Skepticism is commonly applied to things like ghosts, UFOs, psychics, alternative medicine, and other pseudoscientific claims. But a recent episode of the Skeptics’ Guide to the Universe reminded me how the tools of science and skepticism can be used to figure out what works for just about anything.
Airport security has been on everyone’s mind lately with the failed underwear bomber and the new scanners that see through your clothes, so I appreciated the SGU’s interview with so-called “security guru” Bruce Schneier.
They spoke about what the evidence shows with regards to what works in airport security. I’m going to pull some highlights, but if you want to give it a listen you can download it here, or it’s episode 235 on iTunes.
Since 9/11 our trip through airport security has become plagued with rules such as limits to the size of shampoo we can carry, to having to discard your fingernail clippers, to putting your shoes through scanners. But according to Schneier these have basically been a waste of money, and the things that have proven to be effective are reinforced cockpit doors and convincing passengers to fight back. This is what stopped the underwear bomber.
Security measures that are put into effect in airports are not decided on by what evidence shows will work, but rather politics drive what’s put into place, which is driven by the stories that are told of previous terrorist attacks.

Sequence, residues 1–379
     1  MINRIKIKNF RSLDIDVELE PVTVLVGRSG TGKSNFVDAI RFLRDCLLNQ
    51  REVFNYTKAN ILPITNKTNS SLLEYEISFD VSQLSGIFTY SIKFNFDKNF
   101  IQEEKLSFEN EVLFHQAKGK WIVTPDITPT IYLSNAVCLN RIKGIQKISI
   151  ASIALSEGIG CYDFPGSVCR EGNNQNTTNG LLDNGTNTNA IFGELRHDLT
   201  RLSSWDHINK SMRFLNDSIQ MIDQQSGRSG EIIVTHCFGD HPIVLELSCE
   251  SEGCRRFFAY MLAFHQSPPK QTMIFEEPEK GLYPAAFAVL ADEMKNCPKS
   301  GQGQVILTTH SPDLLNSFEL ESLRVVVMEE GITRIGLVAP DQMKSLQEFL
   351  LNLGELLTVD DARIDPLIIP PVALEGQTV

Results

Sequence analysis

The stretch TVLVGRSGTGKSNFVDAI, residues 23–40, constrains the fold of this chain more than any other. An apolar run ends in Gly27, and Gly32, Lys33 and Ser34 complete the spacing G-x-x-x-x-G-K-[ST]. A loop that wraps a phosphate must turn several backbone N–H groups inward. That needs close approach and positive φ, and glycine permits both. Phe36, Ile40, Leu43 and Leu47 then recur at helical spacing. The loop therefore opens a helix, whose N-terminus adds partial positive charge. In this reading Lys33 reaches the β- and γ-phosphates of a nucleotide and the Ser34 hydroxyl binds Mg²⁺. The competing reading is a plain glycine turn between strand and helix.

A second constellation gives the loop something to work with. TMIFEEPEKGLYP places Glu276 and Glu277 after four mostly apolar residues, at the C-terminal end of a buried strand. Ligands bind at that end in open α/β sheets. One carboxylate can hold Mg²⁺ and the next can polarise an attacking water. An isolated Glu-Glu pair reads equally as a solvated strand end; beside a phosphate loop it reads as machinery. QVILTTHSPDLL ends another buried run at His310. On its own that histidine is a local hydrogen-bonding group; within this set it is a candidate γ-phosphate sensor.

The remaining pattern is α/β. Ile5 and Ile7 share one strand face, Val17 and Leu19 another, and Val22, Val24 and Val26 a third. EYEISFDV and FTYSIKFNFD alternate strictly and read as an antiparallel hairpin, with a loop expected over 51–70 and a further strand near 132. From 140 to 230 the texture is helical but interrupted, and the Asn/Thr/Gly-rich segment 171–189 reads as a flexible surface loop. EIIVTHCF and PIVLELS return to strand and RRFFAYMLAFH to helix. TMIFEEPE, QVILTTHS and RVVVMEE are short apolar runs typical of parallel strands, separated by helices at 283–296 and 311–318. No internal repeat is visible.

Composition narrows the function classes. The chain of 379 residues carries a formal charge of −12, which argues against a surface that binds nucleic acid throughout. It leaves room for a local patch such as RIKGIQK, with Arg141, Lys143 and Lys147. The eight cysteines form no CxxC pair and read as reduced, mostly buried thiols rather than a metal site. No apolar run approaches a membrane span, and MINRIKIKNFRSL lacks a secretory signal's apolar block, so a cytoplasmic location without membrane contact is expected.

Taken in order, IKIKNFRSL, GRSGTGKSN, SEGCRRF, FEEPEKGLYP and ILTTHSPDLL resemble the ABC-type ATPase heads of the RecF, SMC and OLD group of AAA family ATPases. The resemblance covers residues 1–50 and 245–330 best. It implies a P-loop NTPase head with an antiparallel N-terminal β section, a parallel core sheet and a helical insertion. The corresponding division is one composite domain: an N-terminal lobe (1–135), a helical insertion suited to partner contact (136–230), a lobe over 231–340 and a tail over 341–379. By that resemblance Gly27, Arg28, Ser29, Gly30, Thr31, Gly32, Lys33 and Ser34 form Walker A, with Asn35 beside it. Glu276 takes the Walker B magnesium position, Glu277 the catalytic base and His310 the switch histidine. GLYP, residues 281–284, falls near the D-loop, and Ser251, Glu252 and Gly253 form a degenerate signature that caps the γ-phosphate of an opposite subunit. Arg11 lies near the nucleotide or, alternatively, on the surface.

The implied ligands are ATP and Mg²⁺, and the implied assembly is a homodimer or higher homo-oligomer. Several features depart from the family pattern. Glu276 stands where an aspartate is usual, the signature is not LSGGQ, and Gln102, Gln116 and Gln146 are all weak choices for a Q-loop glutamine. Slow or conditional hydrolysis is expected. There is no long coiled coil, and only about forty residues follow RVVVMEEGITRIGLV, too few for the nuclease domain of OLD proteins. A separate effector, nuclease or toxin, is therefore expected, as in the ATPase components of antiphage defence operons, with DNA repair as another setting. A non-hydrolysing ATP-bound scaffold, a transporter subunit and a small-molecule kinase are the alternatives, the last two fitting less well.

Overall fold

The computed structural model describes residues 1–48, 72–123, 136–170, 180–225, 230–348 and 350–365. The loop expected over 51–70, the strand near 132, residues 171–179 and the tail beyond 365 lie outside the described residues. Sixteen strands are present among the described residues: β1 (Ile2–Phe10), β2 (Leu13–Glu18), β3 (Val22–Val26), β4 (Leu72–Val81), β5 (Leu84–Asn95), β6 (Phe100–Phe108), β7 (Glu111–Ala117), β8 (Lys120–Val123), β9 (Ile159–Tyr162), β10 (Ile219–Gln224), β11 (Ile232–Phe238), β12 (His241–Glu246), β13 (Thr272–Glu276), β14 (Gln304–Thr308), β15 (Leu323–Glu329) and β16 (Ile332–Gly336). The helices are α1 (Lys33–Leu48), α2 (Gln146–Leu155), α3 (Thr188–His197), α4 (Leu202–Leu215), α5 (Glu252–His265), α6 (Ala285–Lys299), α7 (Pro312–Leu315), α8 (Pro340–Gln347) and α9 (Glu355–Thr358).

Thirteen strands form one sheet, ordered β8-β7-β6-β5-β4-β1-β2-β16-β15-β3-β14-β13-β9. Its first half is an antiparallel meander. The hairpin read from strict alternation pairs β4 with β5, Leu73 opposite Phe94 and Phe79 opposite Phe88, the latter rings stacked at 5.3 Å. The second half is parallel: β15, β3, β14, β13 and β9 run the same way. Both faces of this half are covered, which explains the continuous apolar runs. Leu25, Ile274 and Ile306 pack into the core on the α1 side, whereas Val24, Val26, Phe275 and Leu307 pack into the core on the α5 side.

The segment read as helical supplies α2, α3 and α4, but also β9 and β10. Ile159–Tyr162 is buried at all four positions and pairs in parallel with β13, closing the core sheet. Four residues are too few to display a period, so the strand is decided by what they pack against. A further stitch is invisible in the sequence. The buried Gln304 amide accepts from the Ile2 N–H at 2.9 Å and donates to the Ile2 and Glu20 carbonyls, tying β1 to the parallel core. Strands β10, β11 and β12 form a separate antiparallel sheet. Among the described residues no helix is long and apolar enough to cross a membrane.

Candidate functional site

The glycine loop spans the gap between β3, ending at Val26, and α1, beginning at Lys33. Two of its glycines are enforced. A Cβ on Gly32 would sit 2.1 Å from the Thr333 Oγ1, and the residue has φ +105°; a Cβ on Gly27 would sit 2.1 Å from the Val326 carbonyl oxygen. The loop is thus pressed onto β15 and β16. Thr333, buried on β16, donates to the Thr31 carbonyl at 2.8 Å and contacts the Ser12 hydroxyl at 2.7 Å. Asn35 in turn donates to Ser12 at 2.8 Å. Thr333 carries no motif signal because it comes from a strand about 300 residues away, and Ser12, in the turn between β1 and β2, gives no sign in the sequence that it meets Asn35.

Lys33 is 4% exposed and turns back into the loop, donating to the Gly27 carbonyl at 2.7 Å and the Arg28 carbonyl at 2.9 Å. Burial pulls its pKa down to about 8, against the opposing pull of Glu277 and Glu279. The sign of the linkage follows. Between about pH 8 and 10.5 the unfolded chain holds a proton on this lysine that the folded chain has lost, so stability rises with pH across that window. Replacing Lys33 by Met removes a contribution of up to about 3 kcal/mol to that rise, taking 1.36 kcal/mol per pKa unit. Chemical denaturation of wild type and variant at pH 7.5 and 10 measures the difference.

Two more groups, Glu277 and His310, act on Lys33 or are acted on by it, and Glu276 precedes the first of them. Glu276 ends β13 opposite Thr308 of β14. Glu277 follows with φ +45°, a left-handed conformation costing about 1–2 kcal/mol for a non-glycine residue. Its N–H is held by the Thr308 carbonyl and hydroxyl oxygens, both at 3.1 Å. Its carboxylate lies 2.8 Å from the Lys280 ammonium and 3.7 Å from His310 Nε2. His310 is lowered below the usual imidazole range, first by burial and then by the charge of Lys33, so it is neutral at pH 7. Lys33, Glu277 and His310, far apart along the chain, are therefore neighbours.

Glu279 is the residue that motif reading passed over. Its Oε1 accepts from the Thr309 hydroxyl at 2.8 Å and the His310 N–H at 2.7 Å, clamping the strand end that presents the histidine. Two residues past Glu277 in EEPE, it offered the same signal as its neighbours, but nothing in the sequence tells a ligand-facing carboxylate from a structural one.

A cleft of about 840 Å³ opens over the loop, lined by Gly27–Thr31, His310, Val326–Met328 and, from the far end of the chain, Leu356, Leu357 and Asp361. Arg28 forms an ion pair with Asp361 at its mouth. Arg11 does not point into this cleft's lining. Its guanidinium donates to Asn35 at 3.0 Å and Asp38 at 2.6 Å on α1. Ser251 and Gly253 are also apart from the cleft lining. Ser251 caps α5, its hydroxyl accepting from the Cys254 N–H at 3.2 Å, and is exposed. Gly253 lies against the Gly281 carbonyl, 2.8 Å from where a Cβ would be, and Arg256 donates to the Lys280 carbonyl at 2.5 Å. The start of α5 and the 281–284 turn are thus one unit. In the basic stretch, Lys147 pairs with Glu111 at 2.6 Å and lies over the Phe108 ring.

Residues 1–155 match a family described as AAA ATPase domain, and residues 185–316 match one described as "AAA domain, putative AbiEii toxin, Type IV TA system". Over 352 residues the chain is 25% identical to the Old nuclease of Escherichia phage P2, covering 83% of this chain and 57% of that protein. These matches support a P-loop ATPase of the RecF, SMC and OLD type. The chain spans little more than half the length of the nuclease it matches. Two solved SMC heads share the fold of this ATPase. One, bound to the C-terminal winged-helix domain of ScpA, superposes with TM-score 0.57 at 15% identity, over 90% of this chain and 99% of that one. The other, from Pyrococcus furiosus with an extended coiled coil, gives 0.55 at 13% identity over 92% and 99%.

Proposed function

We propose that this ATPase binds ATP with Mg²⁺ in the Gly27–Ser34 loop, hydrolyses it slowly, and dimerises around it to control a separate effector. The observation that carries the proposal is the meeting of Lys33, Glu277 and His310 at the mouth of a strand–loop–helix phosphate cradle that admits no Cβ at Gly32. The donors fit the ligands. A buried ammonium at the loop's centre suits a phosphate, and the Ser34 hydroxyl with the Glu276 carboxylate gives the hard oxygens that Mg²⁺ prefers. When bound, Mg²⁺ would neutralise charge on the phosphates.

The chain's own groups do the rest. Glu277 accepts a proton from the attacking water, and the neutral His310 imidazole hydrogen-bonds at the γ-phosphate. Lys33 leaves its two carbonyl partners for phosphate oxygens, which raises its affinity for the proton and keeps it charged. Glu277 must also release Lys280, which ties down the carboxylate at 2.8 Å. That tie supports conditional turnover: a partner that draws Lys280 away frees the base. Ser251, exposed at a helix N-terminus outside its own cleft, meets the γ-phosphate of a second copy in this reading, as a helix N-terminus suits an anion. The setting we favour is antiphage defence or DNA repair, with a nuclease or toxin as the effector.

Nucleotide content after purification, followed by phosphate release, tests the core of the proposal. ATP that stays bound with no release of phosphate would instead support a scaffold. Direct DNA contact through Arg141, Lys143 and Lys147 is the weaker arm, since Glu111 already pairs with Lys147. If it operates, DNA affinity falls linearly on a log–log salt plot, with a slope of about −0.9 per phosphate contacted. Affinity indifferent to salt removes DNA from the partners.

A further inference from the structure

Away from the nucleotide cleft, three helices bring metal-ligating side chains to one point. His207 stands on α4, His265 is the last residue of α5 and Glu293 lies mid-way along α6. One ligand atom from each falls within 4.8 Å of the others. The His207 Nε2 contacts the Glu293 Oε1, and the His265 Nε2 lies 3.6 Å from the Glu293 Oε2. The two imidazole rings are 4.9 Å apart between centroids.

Schneier points out that we’re always fighting the last battle: “Take away guns and bombs, terrorists use box-cutters; take away box-cutters and knitting needles, they put explosives in their shoes; we screen shoes, they use liquids; we limit liquids, they put explosives in their underwear…”
He says there is a psychological need to focus on what terrorists used in the last attack, similar to the power testimonials have to drive other pseudoscientific claims. But terrorists already know what they can’t use, so the money that’s going towards things like plastic baggies for storing bottles of liquids would be better spent on intelligence, so plots can be foiled before they reach the security checkpoint.
In the interview they also spoke about the ideas being floated around that profiling people by certain criteria could help weed out terrorists, but Schneier describes how this can actually make airport security worse. If terrorists know what type of person airports are screening for (which can be deduced by flying often), they can avoid being screened by not fitting the profile.
Many people said that the underwear bomber fit the profile of a terrorist, so he would have been caught if security was screening for these characteristics, but in reality there wasn’t much about him that should have roused suspicion. For example, the fact that he paid for his ticket in cash wasn’t odd because Nigeria has a cash economy; the fact that he didn’t check his bags wasn’t anything out of the ordinary, my husband almost never checks bags when he travels; and the rumour about him buying a one-way ticket, well that was just a rumour.
Instead of profiling, Schneier says that random checking is what works best, because terrorists have no way to know whether or not they’ll get checked.
Schneier and the SGUers call current airport security “security theatre”, because really it’s only putting on the guise of good security. To optimize airport security, governments should be putting money towards intelligence.